I am NOT POWERLESS. I am CAPABLE. I CAN do this. I CAN take responsibility for my unhappiness and I CAN do something about it.

When I came home from the bookstore, got the kids to bed, I spent the next three hours reading 144 pages of the Gifted Grownups book. I felt like I accomplished something I set out to do (for once).

When I woke up Monday morning, I had a much better day.

We didn’t go anywhere for Labor Day, instead choosing to stay home. I worked on a major project – I cleaned up my bedroom from top to bottom – I even washed the windows. I can’t let it get messy again. I have my writing desk in there and it’s time I kept it clear so that I can write in a journal. When I got done with it, I had a nice spot to start writing. And I did for a while.

More to come…

This entry was posted in gifted adults, gifted support, selective mutism, spreading joy, Stop whining and start living. Bookmark the permalink.

4 Responses to I need to stop whining and start living

  1. Maybe you can use what you have learned all these years and focus your energies on writing a book on SM. I know I feel better and generally live a more inspired life when I have something specific to work on:)
    You clearly have a gift for expressing yourself through the written word and I know that you would be a great encouragement to others.

  2. raisingsmartgirls says:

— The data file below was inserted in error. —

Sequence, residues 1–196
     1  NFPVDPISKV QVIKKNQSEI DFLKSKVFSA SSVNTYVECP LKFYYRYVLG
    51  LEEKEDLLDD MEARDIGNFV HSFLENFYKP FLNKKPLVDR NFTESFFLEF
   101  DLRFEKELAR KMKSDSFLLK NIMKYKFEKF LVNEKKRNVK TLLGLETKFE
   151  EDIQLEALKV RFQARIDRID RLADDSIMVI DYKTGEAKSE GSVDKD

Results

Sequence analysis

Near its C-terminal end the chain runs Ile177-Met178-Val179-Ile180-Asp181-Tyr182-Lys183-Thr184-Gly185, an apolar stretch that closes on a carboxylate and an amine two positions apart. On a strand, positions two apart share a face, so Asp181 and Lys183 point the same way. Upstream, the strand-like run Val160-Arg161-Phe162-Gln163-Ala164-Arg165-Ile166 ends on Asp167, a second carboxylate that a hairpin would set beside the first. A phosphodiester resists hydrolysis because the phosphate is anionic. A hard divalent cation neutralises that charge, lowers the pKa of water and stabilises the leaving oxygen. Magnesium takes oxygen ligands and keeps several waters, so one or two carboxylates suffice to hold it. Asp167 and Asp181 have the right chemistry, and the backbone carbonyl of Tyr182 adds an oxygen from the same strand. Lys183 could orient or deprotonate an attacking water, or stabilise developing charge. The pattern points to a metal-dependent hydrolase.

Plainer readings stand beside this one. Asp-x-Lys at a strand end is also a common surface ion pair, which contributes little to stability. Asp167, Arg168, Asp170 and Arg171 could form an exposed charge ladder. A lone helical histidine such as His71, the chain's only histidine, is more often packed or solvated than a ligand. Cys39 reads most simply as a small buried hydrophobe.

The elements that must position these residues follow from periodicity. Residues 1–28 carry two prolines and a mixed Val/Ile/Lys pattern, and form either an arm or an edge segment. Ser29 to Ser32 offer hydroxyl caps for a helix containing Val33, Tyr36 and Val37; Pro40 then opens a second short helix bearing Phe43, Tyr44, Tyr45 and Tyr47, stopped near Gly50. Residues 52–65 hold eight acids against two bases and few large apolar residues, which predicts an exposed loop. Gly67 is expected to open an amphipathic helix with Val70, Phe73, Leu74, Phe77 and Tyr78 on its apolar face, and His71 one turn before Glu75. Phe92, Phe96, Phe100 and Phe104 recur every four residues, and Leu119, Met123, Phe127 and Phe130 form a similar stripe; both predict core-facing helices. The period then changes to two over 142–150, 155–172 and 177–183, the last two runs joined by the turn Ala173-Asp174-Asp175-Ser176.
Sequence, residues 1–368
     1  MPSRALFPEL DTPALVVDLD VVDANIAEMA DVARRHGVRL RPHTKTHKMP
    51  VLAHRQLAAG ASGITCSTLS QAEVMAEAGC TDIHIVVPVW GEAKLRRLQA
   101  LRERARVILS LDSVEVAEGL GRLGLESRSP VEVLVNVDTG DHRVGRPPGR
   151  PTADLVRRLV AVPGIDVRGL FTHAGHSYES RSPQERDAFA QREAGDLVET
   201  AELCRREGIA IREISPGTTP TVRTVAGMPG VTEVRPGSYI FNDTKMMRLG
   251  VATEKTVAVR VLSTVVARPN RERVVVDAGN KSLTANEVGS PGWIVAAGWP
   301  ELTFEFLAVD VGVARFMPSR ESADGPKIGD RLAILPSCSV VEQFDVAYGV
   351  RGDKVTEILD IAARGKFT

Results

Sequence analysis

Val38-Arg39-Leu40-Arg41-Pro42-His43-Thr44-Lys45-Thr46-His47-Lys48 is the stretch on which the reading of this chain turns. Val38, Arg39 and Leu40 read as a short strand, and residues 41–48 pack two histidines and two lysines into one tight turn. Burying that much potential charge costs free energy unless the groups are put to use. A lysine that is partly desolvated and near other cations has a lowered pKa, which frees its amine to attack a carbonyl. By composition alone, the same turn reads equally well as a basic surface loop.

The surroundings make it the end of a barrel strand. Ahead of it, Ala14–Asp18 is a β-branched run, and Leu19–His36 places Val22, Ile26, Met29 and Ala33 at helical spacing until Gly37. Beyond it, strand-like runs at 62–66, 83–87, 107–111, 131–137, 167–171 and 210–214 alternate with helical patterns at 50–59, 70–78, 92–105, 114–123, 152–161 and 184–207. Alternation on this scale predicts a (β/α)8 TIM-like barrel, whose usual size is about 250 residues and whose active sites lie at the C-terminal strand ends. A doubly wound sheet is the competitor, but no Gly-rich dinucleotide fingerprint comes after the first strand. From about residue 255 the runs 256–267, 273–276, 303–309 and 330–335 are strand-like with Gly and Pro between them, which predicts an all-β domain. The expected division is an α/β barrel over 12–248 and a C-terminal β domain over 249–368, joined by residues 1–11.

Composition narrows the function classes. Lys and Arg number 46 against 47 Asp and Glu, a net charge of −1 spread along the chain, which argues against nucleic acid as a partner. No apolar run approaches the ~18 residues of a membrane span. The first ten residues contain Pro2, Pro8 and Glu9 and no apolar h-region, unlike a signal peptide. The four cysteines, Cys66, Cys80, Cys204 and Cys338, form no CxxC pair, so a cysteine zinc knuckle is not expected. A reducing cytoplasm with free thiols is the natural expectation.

Thanks for the encouragement, Starr. I sometimes think my writing is just a tad bit above mediocre, but sometimes it hits home with people.

  3. selamoonshine says:

    I agree with Starr, you have a very good skill in writing and should do something regarding it.
    About your crying, don’t worry too much, I cannot generalize, but it could have been punctual and maybe the cause is hormonal.
    I don’t talk for all the women, but in my case, having also two girls, been housewife etc… can be a reason to feel sad, lonely useless etc…sometimes, but I thought after a day in which I cried almost the entire day for not too clear reasons, that I was depressed, or very close to it, seeing everything black. However I noticed that the next days even my situation didn’t change I felt better, and for other signals of my body I found that one makes everything bigger (in the negative way) during the ovulation process or near to it. What I see a lot these days is too many mothers of little children already depressed?, I had no time to be sad or depressed when my girls were about 0 to 7 years old at least. There, I was full occupied with then, no time to sit and think, no time at all, no time for me, but there is a time were they grow and then they don’t “need” you 100% anymore, then my lack of something started.
    I apologize for my English as it is not my usual language.

  4. raisingsmartgirls says:

    Sela – no apologies are necessary for your English. I appreciate your thoughts.

    I think hormones might possibly have something to do with the feelings I feel, though they aren’t around ovulation. I seem to be okay during that time. Usually, I’m supremely attracted to my husband during those times (which is good for him and partly the reason I had 3 kids in 3.5 years).

    Apparently, dysphoria (unhappiness) is one of the top 3 symptoms and it could occur anytime in the 2 weeks prior to menstruation and relief comes with the onset of it.


    An ovulatory cycle has slightly higher estrogen and massively higher progesterone levels in the two weeks before a menses than the two weeks after a menses. Just before menses, estrogen and progesterone levels start to drop but most women have symptoms of PMS if they have any at all, when the estrogen and progesterone levels are still high.

    Hmm… I wonder if it’s possible that the drop in hormones is what causes my dysphoria and not the fact that they are high to begin with.